Three trains, two buses and a taxi, or even a trudge through the snow, is a familiar story for those who have made a habit of packing their bags in early January each year to head for the conference.
Neil Fletcher, from the Local Government Association, said: "It is always frosty and cold and frequently uncongenial. You leave your family at the fireside, drag yourself cross-country and find yourself in some hotel without facilities.
"You drag yourself out at 5pm for the opening, some big celebrity with a local connection says something inspirational, you then fall into a cold-plated salad in a windy, draughty town hall and hope you can find a decent pub.
"At that point you realise you are through Christmas. Having said that, I really rather enjoy them. They are an experience - but not in the modern experience of conferences. There is a wonderfully dated feel about them."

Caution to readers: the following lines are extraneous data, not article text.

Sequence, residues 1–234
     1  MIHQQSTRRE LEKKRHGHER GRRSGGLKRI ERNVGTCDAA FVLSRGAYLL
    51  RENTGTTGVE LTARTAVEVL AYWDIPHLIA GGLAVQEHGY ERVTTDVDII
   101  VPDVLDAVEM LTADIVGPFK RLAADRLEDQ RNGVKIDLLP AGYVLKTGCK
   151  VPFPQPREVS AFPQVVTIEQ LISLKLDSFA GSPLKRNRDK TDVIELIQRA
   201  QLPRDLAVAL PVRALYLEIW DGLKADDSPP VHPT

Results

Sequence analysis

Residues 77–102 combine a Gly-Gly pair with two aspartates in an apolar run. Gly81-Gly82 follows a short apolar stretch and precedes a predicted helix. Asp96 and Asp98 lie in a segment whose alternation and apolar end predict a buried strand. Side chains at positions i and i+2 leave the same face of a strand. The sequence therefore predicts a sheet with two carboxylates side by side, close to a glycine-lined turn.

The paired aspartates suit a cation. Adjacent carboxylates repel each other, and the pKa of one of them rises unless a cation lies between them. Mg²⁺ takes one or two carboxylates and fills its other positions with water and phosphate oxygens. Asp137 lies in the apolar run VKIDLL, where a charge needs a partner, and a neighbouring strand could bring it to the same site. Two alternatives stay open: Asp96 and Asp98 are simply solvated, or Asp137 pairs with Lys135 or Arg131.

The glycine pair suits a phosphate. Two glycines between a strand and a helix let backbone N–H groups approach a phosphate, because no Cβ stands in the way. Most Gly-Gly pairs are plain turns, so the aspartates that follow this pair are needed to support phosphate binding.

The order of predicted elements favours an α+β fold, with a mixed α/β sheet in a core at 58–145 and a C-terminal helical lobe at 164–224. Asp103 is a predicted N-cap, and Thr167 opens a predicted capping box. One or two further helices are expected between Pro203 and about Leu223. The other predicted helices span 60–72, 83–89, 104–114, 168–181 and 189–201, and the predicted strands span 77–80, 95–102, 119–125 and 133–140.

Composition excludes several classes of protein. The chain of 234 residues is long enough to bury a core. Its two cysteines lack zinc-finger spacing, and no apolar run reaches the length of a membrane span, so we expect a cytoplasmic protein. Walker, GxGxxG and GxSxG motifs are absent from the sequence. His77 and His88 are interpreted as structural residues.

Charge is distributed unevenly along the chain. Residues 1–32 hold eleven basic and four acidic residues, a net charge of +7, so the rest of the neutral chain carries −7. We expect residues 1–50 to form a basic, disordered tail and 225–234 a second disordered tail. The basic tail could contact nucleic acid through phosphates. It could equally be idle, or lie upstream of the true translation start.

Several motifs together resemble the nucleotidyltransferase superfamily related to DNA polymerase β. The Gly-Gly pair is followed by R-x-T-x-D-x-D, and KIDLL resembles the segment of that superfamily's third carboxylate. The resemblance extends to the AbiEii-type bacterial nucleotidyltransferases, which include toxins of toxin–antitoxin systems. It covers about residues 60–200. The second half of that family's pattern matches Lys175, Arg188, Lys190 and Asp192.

In recent years, though, the conference has become something of a burden for local authorities. Gone are the days when an army of town- hall staff could devote a year to setting it up. Now, councils are often obliged to call in a commercial events' organiser.
Because of the pressures on local authorities, Bill Wright, who organised the Leeds conference of 1972, was asked to produce a consultation document on where the conference should head.
An executive committee - made up of council representatives from last year's, this year's and next year's host city or town - is still considering his report.